Jonathan Swift 7 p.m., July 29
“We’re the first in San Diego to have an Al Pastor spit,” says Adrian Villanueva. It’s late, around ten. He’s busy carving flakes of pork off the vertical spit into a, like, cutaway frying pan, ready to drop into tortillas for an order of al pastor tacos ($1.89 small, $2.99 big).
That gets my attention, because Al Pastor means “shepherd style,” and is probably an idea that came to central Mexico from the Middle East. Meaning mainly Lebanese immigrants who brought their shawarma (which is just like the Turkish döner kebab, which is pretty much the Greek gyros, a spit turning in front of wood or gas flames), as they came and settled in places like Chihuahua and Baja. In Puebla, they call the same thing on pita bread “taco Árabe.”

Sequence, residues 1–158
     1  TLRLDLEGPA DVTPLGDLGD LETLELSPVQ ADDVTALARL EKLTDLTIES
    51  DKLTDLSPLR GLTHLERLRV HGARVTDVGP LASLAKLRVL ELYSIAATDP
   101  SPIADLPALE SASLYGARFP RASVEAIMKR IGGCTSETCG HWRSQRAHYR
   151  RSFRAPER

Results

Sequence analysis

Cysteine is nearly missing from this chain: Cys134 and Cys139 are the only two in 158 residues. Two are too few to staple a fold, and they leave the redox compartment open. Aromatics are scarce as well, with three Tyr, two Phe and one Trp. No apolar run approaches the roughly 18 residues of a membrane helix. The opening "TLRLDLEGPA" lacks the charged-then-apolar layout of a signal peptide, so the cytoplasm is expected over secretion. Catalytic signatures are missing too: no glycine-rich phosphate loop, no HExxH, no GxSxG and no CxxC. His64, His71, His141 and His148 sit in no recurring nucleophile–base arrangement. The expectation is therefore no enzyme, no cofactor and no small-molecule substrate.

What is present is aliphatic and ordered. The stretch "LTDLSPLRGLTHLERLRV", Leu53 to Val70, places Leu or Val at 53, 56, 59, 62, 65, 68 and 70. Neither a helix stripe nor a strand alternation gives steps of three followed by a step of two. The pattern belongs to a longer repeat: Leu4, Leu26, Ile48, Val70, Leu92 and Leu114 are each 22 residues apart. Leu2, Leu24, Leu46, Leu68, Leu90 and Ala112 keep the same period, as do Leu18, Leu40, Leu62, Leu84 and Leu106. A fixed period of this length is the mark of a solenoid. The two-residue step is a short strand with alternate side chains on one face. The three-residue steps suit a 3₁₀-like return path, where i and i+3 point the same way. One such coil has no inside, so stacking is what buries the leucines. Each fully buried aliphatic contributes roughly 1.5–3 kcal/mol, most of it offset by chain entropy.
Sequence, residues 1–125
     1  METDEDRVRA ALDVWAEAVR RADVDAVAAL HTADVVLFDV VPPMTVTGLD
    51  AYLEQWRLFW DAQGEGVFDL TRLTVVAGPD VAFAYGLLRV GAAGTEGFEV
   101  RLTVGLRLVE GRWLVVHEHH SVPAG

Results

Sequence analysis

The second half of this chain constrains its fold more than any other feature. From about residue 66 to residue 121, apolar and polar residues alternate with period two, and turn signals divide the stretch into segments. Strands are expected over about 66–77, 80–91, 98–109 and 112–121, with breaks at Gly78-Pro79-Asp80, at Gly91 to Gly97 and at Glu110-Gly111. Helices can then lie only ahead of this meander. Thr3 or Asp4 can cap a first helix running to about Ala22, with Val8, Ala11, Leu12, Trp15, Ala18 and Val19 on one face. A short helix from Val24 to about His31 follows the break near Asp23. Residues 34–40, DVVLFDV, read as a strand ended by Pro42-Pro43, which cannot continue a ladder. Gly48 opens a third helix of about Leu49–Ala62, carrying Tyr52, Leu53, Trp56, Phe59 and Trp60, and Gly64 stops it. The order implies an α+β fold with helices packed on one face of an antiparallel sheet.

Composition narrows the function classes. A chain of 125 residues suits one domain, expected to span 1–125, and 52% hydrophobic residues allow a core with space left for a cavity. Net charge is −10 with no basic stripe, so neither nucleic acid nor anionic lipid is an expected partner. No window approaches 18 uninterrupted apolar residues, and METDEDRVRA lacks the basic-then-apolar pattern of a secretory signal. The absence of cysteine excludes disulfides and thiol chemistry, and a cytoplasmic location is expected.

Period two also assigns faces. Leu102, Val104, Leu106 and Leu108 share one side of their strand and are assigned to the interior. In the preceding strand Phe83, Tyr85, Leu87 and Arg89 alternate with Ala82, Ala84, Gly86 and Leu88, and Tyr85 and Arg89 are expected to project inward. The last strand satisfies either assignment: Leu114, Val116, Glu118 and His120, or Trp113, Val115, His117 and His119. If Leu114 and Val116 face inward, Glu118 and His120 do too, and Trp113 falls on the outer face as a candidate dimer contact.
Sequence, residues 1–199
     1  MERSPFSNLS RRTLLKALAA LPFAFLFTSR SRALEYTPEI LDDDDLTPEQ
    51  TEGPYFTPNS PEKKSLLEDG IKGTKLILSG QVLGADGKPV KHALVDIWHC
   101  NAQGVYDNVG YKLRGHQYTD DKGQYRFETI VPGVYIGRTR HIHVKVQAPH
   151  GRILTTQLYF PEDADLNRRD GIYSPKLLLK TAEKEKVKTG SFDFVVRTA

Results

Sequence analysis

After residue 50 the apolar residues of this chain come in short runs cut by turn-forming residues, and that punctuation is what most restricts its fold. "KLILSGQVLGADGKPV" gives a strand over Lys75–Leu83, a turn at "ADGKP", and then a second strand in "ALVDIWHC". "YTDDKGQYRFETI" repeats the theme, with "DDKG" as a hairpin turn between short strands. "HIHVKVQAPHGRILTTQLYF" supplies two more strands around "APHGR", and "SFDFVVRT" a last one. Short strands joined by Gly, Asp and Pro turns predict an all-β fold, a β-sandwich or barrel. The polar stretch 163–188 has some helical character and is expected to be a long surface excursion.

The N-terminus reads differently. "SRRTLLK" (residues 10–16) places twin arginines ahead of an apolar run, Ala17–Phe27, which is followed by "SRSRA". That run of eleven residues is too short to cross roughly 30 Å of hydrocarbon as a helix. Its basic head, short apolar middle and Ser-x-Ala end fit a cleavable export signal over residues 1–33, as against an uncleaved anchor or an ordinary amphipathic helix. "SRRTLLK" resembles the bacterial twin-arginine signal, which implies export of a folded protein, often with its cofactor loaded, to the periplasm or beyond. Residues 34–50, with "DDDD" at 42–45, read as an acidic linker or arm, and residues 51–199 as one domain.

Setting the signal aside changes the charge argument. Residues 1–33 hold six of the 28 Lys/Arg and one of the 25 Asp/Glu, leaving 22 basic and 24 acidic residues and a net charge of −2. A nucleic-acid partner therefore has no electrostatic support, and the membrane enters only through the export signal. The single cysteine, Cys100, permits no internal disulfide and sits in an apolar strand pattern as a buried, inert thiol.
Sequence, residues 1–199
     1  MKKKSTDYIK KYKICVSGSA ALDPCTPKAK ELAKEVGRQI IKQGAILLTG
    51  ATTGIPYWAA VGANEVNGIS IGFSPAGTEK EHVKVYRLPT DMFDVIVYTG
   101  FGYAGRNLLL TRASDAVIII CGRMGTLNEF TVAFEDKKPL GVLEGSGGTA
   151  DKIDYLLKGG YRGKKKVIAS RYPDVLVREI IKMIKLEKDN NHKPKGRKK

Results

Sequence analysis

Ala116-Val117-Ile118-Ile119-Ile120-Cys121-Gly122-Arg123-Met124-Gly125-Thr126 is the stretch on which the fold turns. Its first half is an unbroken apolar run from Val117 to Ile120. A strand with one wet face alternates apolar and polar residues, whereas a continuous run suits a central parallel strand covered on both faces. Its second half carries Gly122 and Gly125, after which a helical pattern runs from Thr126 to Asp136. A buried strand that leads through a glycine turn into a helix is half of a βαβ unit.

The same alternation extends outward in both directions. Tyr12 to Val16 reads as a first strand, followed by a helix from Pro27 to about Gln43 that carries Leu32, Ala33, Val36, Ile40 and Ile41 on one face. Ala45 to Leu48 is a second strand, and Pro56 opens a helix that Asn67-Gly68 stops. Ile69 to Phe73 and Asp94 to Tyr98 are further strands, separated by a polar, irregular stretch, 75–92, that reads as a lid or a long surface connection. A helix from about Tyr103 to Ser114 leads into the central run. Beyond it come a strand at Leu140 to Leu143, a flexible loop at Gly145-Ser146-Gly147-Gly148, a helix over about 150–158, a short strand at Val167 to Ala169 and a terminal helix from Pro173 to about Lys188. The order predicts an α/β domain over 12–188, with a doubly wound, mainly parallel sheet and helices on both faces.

Adrian runs the eats side of Liticker’s Mexican and Vegetarian Cuisine (part of Liticker’s liquor store-deli at 4955 Voltaire). He says he sells a whole lot of al pastor.
“But this is OB. Many customers come for our vegetarian food. You should try our shiitake mushroom burrito ($6.49).”
Or, you can go cheaper. Guy named Bo turns up. “Yeah, I’m vegetarian,” he says. “Uh, bowl of black beans, please.” He hands over $1.99.